Are you hoping to rely on your guidebook from 2012 and your clear-as-yesterday memory of this city’s transportation system to get you around during the Rio Olympics? Forget it. A lot has changed here. With an estimated 480,000 visitors, 15,000 athletes, 45,000 volunteers, 93,000 staff arriving for the Rio Olympics and Paralympic games and the 6.45 million locals trying to get around in August and September, Rio has to find transportation solutions for them all. The city has responded to these needs in many ways, and the largest of them, not surprisingly, occur in or between the four Olympic zones. These zones correlate roughly to the four corners of the city: Maracanã to the Northeast, Copacabana to the Southeast, Barra da Tijuca to the Southwest, and Deodoro to the Northwest.
Here is a summary and a few tricks to navigating the Rio Olympics and the big transportation projects the city is undertaking to prepare for this incredible influx of people.
Perhaps the largest infrastructure change prompted by the Rio Olympics is happening within the Maracanã zone, which covers the oldest part of the city, Centro. Just north of Centro is the port zone which, despite its rich Afrobrazilian history, was something of an industrial wasteland. It was here where millions of slaves were brought into Rio and consequently, it was here where samba was said to be born. It is also where the cruise ships dock, so the city finally decided to do an urban renewal project. It is a controversial and challenging project on many levels, due to the historical significance, the many stakeholders, the timeline, and the sheer complexity of the work. We offer a fantastic up-close study of the port zone on our Porto Maravilha Tour, but in summary, the renewal began in 2012 with the demolition of a double-decker highway that now gives way for bike lanes, a pedestrian greenway and a light rail system, the VLT. The old highway now runs underground through a 1.5 km long tunnel named “Túnel Rio 450” for the city’s 450 year anniversary celebrated in 2015. The VLT has just begun to run in selected areas, but most importantly it connects the regional bus station Rodoviário Novo Rio to the domestic airport Santos Dumont. This is the best way to get to “Parada dos Museus,” where the Museum of Tomorrow and an Olympic Live Site is, so there will be many events here during the Rio Olympics. You would take the Metro to Cinelândia (another historic square, covered in our Founding Rio walk), and transfer there to the VLT. In this initial test phase, entrance is R$3.80 and runs Monday to Friday from 8am-5pm.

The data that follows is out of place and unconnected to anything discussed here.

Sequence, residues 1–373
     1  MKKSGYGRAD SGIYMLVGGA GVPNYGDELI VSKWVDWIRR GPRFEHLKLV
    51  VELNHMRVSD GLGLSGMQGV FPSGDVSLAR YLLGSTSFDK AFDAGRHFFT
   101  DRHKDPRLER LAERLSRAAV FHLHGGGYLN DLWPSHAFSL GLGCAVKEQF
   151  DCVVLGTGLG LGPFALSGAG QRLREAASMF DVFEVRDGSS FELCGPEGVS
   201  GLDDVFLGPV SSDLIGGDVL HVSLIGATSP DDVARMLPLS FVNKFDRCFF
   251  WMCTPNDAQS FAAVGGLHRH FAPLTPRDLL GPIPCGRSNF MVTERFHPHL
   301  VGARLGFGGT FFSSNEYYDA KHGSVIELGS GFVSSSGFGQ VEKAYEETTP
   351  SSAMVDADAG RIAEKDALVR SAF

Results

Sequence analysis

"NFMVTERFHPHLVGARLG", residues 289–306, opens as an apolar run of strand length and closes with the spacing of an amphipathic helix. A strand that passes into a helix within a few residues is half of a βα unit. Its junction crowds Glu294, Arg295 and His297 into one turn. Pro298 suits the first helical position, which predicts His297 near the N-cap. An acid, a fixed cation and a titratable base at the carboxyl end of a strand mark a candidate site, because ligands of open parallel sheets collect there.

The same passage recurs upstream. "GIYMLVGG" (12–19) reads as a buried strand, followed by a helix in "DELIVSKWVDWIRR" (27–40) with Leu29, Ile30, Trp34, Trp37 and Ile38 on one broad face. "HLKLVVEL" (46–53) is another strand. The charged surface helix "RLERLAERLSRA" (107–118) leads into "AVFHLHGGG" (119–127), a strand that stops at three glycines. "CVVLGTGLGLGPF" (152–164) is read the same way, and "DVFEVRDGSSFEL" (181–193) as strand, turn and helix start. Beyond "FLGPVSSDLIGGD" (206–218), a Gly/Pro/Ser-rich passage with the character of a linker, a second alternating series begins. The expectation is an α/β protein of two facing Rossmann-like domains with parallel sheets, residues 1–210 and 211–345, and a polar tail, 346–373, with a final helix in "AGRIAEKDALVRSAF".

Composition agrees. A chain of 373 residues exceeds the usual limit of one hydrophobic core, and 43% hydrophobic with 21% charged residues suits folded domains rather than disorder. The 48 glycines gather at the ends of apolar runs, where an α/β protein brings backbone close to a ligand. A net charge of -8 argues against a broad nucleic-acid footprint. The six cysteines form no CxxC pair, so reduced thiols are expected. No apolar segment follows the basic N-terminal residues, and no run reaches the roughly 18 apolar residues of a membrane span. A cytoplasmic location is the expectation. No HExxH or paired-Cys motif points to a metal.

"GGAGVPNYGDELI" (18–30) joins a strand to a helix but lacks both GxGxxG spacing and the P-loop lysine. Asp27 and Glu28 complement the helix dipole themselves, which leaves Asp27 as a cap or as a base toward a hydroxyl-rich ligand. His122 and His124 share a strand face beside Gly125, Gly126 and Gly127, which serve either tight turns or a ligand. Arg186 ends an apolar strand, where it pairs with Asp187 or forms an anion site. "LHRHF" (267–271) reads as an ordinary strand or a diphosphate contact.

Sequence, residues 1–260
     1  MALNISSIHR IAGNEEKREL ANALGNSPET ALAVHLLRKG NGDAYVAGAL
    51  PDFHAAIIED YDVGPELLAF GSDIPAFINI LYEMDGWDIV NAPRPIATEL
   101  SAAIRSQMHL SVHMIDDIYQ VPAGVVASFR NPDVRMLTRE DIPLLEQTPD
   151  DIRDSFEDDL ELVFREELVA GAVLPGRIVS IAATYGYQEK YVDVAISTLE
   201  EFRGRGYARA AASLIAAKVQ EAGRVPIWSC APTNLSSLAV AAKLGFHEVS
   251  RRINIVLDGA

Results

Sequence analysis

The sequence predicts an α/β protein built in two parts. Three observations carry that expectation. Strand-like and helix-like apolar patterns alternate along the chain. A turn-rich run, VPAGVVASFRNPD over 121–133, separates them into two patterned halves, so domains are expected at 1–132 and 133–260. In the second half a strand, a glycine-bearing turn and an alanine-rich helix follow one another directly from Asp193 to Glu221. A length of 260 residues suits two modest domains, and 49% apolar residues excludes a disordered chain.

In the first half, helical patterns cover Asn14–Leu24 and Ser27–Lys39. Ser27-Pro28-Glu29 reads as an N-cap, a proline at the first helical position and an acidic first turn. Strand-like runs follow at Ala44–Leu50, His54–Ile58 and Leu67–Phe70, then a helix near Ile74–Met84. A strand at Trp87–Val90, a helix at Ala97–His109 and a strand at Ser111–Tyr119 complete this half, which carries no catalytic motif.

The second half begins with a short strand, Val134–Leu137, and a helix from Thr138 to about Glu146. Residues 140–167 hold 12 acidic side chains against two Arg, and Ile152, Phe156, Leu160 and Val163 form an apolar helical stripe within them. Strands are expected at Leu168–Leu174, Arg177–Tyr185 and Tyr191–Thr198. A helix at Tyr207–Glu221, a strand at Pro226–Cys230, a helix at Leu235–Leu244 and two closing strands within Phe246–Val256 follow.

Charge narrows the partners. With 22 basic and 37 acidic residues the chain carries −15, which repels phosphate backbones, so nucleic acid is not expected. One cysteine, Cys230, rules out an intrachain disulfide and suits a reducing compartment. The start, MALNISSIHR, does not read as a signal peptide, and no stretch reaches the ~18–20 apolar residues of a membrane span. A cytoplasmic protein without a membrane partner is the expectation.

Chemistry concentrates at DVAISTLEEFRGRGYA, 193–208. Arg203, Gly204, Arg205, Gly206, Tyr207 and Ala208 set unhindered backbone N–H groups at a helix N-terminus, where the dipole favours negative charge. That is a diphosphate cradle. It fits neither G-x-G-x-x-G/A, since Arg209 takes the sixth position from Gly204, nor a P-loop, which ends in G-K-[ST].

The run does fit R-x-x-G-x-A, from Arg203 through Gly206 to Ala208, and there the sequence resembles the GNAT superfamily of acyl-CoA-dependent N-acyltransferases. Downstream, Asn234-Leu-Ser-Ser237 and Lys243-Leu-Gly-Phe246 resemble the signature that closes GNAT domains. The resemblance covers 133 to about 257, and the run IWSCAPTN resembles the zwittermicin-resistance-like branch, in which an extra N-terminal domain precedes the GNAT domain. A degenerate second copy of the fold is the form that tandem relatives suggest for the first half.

Another massive undertaking was an extension of the Metro, called “Linha 4,” or Line 4. It’s a desirable project because it finally gives Rio’s wealthier areas a reliable public transport option (yes, there are buses, but we’ll get to that in a minute). Previously, the Metro’s terminal station was in General Osorio Square, on the eastern edge of Ipanema. In order to reach western Ipanema or the beaches beyond – Leblon and Barra da Tijuca – you had to either catch a cab or bus, or take a long, long beach stroll. Line 4 is a stretch of five stops, and is just this week opening for testing. During the Rio Olympics, it will serve only limited people with special access, either ticket holders or staff with credentials.
Bus Rapid Transit
A third Olympic-centered infrastructure change is an extension of the bus rapid transit system, the BRT. This system serves mainly the working population who live far outside the areas along the coast. Here in Brazil we call it “the interior.” For the first time, however, the BRT created a “Transolímpica” which will run directly from the interior to Barra da Tijuca, a chic neighborhood with vacation homes, towering condominiums, an endangered mangrove wetland, and a beautiful stretch of white sand beaches. For some, this is a project long-time coming, cutting commute times down 78%, and for others it is sure to be the ruin of the neighborhood. No matter which side of the coin the local resident falls on, the tourist is sure to find this extension a blessing since it connects the Olympic park in Barra to the Radical Park in Deodoro, the two largest venues during the Rio Olympics.